The Hampstead Bypass is one of a growing number of area projects impacted by the effects of the COVID-19 pandemic on the N.C. Department of Transportation's coffers.
Since the NCDOT is now below its cash floor balance, no new agreements or contracts can move forward, affecting the department's ability to purchase right-of-way for projects, among other activities, said Chad Kimes, NCDOT's Division 3 engineer.
"This has a direct effect on right-of-way acquisition. Therefore, the right-of-way process on the Hampstead Bypass is suspended," Kimes said Monday.
Some activity on the Hampstead Bypass continues with engineering work. But the inability to obtain right-of-way acquisition (purchasing land needed to complete construction projects), would keep the construction from moving forward, he said.
The Hampstead Bypass consists of a set of projects, one roadway that extends from N.C. 210 to the north of Hampstead including three interchanges, and another that connects the U.S. 17 Wilmington Bypass to N.C. 210.
The Hampstead Bypass is on a shortlist of area projects that are able to move forward with preliminary engineering over the next 12 months. No other work is taking place on any other projects outside of the list, Kimes said.
The sharp decline in revenue has resulted in NCDOT falling below the statutorily mandated cash floor of $293 million, according to a May 4 release from NCDOT. According to state law, once the department falls below the cash floor it can no longer enter into new contracts that spend money on transportation projects.
The NCDOT is funded through the motor fuel tax, highway use tax and division of motor vehicle fees.
"The drop in revenue from these sources due to COVID-19 will result in more than $300 million in lost revenue for this fiscal year, which ends June 30. An additional shortfall of more than $370 million is projected for FY21," stated the May 4 release.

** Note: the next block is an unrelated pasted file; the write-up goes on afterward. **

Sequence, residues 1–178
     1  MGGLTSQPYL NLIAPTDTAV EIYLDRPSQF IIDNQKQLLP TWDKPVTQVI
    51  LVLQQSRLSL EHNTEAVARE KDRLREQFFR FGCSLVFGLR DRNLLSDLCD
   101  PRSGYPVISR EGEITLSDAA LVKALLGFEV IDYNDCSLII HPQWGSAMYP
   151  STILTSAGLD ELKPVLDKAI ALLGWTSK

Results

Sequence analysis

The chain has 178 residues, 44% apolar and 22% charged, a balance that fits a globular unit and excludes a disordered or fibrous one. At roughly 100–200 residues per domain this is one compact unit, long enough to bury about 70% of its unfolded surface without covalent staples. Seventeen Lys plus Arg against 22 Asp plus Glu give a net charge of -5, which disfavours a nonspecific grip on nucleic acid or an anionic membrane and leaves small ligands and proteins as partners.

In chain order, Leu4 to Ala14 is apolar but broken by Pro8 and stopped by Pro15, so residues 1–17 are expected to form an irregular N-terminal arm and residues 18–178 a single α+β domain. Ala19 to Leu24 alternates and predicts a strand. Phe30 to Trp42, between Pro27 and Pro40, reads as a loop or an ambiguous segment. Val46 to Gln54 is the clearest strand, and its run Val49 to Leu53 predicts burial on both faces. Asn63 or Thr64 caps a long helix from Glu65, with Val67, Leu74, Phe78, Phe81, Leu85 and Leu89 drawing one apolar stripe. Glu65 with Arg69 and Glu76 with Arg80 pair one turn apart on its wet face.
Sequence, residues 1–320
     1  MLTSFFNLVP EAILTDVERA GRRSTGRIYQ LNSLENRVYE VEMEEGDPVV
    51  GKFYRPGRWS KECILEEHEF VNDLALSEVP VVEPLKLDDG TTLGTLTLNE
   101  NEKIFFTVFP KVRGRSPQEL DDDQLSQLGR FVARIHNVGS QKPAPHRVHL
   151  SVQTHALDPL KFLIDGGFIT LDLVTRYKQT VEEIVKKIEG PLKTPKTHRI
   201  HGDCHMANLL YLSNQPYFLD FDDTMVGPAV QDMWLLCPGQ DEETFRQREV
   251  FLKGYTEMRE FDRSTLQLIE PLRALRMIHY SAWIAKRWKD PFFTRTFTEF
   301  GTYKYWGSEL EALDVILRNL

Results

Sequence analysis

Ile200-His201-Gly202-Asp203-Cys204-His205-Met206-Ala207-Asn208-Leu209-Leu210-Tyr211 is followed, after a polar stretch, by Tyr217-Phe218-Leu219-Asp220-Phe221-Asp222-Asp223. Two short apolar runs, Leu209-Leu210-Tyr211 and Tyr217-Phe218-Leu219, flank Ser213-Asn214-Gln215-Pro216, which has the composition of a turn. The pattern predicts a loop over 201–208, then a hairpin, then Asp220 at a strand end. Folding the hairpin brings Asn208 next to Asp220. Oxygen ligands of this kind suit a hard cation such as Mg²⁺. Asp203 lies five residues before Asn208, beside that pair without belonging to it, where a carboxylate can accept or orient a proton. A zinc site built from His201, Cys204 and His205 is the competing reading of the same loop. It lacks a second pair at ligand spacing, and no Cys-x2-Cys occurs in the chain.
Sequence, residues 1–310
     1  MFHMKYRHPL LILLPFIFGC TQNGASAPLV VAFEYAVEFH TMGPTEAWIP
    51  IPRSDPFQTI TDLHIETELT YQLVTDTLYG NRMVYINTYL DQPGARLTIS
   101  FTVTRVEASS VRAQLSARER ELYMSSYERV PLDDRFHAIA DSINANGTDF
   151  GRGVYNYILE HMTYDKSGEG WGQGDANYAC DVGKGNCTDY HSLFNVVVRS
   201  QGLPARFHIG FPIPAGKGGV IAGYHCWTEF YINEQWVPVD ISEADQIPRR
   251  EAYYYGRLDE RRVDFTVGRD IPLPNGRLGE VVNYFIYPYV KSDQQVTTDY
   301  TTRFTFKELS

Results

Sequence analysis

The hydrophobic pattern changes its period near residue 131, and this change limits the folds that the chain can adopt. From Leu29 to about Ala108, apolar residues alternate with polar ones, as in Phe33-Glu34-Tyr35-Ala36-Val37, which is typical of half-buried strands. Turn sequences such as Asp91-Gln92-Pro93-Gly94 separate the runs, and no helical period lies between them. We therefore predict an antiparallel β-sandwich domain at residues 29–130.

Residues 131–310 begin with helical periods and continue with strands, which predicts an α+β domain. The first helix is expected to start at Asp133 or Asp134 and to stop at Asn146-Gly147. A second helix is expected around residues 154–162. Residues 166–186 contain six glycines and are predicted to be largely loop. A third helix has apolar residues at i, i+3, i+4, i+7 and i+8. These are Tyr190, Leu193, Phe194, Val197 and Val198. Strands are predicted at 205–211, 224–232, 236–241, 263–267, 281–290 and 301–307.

The department was already strapped for cash, facing issues from Map Act settlements and impacts to its coffers from natural disasters, such as major hurricanes.
Additionally, COVID-19 has caused a severe reduction in gas tax revenue, with traffic on some state roadways being reduced to 50%, said Lauren Haviland, spokeswoman for NCDOT's Division 3, which includes New Hanover, Pender and Brunswick counties.
The numbers are "changing daily, and NCDOT has no historical data to utilize to assist in projections," she said in a recent email, adding that the COVID-19 situation and its effects on NCDOT's budget are constantly causing the numbers to change.
Active construction projects, however, are still moving forward, such as the Military Cuttoff Extension project in Wilmington.
The northern section of the Hampstead Bypass was scheduled to go out for construction bids in September, and the southern section was slated to go out for bid in September 2022, Kimes said.
"We anticipate this project being delayed at this point," Kimes said, adding that for every month that land purchases are delayed, that's another month the Hampstead Bypass will not be able to go out for construction bids.
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